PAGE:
auger

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See also: Auger

English[edit]

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An auger.

Alternative forms[edit]

Etymology[edit]

From Middle English nauger, from Old English nafogār ‎(nave drill), from Proto-Germanic *nabōgaizaz. Cognate with Dutch avegaar.

Pronunciation[edit]

Noun[edit]

auger ‎(plural augers)

  1. A carpenter's tool for boring holes longer than those bored by a gimlet.
  2. A snake or plumber's snake (plumbing tool).
  3. A tool used to bore holes in the ground, e.g. for fence posts
  4. A hollow drill used to take core samples of soil, ice, etc. for scientific study.

Translations[edit]

Verb[edit]

auger ‎(third-person singular simple present augers, present participle augering, simple past and past participle augered)

  1. To use an auger; to drill a hole using an auger.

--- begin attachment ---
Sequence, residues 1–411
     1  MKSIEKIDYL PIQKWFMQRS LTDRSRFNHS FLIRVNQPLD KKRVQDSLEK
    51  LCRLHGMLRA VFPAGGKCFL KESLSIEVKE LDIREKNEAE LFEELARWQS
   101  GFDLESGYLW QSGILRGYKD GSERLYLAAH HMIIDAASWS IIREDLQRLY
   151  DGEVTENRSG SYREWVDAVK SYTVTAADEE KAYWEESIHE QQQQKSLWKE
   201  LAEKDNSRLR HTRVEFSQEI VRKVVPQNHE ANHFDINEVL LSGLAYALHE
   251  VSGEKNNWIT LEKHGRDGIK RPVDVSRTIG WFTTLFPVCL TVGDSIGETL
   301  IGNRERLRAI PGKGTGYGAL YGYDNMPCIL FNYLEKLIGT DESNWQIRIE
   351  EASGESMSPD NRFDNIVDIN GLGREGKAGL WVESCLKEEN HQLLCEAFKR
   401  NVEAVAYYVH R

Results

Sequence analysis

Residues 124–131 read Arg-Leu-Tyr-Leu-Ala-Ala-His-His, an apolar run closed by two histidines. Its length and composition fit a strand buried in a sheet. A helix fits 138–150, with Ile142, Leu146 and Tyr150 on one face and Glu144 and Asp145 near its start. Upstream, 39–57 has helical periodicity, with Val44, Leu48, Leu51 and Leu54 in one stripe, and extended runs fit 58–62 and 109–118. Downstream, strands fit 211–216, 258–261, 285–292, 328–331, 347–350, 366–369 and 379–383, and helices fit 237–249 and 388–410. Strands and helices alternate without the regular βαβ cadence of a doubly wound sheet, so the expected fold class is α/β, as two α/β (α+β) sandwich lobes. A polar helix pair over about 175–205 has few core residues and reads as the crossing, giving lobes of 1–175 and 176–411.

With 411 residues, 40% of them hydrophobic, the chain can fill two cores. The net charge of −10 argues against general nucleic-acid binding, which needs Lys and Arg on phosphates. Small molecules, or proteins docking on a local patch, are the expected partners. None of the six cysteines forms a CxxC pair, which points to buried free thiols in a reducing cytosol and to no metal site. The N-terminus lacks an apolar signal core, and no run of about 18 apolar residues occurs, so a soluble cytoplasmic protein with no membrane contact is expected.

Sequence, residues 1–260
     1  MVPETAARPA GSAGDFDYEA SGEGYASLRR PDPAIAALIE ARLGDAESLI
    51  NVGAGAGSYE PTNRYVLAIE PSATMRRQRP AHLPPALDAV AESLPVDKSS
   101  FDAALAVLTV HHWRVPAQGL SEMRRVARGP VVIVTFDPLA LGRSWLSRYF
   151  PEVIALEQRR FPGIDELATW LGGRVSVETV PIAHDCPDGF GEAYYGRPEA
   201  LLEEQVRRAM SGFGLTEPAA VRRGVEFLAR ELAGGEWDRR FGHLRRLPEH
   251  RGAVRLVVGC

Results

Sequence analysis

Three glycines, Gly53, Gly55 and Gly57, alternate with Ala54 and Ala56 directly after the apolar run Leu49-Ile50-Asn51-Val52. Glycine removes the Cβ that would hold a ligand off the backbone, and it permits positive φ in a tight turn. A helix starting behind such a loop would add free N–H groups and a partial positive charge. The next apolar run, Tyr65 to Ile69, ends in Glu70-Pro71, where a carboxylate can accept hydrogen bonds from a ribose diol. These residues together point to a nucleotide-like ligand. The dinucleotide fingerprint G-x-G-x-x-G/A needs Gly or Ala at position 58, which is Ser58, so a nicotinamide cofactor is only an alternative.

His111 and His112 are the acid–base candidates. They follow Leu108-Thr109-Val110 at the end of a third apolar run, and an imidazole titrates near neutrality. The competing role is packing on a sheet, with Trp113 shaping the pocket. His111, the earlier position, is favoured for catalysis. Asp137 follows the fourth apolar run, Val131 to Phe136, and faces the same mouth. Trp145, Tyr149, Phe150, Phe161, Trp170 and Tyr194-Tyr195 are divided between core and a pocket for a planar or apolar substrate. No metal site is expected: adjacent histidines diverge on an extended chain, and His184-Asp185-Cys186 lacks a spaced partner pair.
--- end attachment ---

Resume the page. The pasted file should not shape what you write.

2. To proceed in the manner of an auger.
    • 2010, Clive Cussler, ‎Jack Du Brul, The Silent Sea[1]:
      It augered into the water and vanishedunder the surface only to float up again, its keel pointing skyward.
    • 2012, Ronald Wright, A Scientific Romance[2]:
      There was no way to measure progress inside the sphere, to know whether it spun or leapt or wobbled like a top as it augered through the years.
    • 2014, Steven R. Boyett, Mortality Bridge[3]:
      It augers down again behind him to gyre like a mindless deadly battling top.

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French[edit]

Etymology[edit]

From auge.

Pronunciation[edit]

Verb[edit]

auger

  1. to dig in order to get the shape of a trough
  2. to bend a piece of flat iron into the shape of a gutter, of an eavestrough

Conjugation[edit]

This is a regular -er verb, but the stem is written auge- before endings that begin with -a- or -o- (to indicate that the -g- is a “soft” /ʒ/ and not a “hard” /ɡ/). This spelling-change occurs in all verbs in -ger, such as neiger and manger.

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